News / Americas

Cuban Authorities Squelch Human Rights March

A member of the dissident group, Ladies in White, is detained by Cuban security before the start of a march marking International Human Rights Day in Havana, Cuba, Tuesday, Dec. 10, 2013.
A member of the dissident group, Ladies in White, is detained by Cuban security before the start of a march marking International Human Rights Day in Havana, Cuba, Tuesday, Dec. 10, 2013.
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VOA News
Cuban security forces have detained about 20 dissidents at the start of an International Human Rights Day march, halting the demonstration before it started.
 
The opponents were seen being taken away Tuesday after their planned protest along a central street in Havana was interrupted. The would-be protesters resisted, but no injuries were reported. It was not known where they were taken.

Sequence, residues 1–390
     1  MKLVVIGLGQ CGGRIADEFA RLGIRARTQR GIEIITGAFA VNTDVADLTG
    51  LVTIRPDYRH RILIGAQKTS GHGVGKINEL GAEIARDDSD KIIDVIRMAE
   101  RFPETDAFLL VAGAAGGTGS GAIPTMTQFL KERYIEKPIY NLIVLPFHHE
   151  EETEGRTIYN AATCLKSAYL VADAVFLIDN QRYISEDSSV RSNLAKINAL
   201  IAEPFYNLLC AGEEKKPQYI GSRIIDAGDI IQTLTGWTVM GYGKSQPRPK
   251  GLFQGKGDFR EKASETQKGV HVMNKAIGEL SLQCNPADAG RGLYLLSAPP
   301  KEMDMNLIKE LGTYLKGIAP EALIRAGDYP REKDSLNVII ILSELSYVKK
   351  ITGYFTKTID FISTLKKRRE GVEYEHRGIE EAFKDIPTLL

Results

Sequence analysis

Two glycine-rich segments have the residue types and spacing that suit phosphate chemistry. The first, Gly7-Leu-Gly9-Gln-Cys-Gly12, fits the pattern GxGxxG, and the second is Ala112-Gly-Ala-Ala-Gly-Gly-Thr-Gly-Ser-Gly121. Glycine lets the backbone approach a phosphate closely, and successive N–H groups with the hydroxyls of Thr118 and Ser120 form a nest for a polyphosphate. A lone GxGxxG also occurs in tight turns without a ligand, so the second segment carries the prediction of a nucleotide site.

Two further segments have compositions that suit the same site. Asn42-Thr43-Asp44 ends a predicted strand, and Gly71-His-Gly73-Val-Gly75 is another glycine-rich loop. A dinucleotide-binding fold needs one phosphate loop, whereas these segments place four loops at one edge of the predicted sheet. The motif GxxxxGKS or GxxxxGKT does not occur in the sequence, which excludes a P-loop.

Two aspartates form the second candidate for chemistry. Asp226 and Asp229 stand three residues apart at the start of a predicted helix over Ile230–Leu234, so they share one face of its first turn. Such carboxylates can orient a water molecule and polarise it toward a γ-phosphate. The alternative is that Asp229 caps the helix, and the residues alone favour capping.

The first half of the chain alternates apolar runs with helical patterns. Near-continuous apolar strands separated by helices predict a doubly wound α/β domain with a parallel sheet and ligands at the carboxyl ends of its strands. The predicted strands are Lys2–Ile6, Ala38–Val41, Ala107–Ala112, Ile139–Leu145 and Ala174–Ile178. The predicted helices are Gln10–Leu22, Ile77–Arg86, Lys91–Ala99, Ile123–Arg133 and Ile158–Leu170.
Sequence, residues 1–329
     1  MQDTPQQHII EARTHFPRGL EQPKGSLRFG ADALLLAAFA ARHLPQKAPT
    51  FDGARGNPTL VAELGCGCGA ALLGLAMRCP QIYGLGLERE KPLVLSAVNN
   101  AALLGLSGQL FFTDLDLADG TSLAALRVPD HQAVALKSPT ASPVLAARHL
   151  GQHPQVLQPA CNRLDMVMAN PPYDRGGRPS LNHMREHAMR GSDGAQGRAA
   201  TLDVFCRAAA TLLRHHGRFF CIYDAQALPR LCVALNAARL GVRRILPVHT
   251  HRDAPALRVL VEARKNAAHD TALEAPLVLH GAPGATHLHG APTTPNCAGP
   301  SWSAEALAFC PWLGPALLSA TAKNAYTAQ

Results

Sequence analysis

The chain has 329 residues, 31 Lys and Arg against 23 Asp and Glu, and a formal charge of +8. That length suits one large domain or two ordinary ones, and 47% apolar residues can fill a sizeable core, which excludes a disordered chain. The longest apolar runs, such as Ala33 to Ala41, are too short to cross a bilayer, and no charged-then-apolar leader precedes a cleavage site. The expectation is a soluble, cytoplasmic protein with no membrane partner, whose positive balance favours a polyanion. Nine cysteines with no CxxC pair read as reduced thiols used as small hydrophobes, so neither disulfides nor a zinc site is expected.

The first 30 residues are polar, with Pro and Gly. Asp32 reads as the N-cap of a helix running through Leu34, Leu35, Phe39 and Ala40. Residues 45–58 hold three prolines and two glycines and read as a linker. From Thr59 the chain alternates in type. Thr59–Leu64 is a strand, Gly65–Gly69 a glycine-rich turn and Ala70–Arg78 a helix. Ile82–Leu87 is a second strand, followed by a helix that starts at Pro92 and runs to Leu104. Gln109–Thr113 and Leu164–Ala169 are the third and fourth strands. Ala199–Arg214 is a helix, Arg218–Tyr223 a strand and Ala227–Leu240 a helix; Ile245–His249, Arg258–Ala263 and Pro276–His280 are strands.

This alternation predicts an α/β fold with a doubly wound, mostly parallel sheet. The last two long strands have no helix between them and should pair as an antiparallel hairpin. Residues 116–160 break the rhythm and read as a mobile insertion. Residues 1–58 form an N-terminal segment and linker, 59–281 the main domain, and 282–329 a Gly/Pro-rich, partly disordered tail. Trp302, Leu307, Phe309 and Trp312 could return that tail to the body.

The dissident group, called the Ladies in White, were pounced upon and quickly shoved into waiting vehicles by security personnel and government supporters when they arrived at a busy intersection in the capital.
 
The women, in groups of two or three, came in taxis over a 20 minute period in an apparent attempt to avoid police, but to no avail.
 
The incident was similar to many others in the past and invariably the women are driven home or detained for just a few hours.
 
The organization charged that many other members were stopped by state security agents from attending what was billed as a rally and march for human rights.
 
Under former president Fidel Castro, dissidents often faced long prison terms for their activities, while under his brother, who took over in 2008, the government has changed tactics, temporarily detaining opponents for a few hours, days or weeks and then releasing them, only to repeat the process if they protest again.
 
International rights groups say Cuban laws virtually prevent all forms of protest and dissent while the government says it upholds human rights by providing free education and health services.
 
Pro-government demonstrators gathered in the street to shout slogans for the Cuban revolution.
 
Cuban authorities consider the island's small community of outspoken dissidents to be counterrevolutionaries and charge they accept foreign money to try to undermine the Communist system.

Some information in this report was contributed by Reuters.

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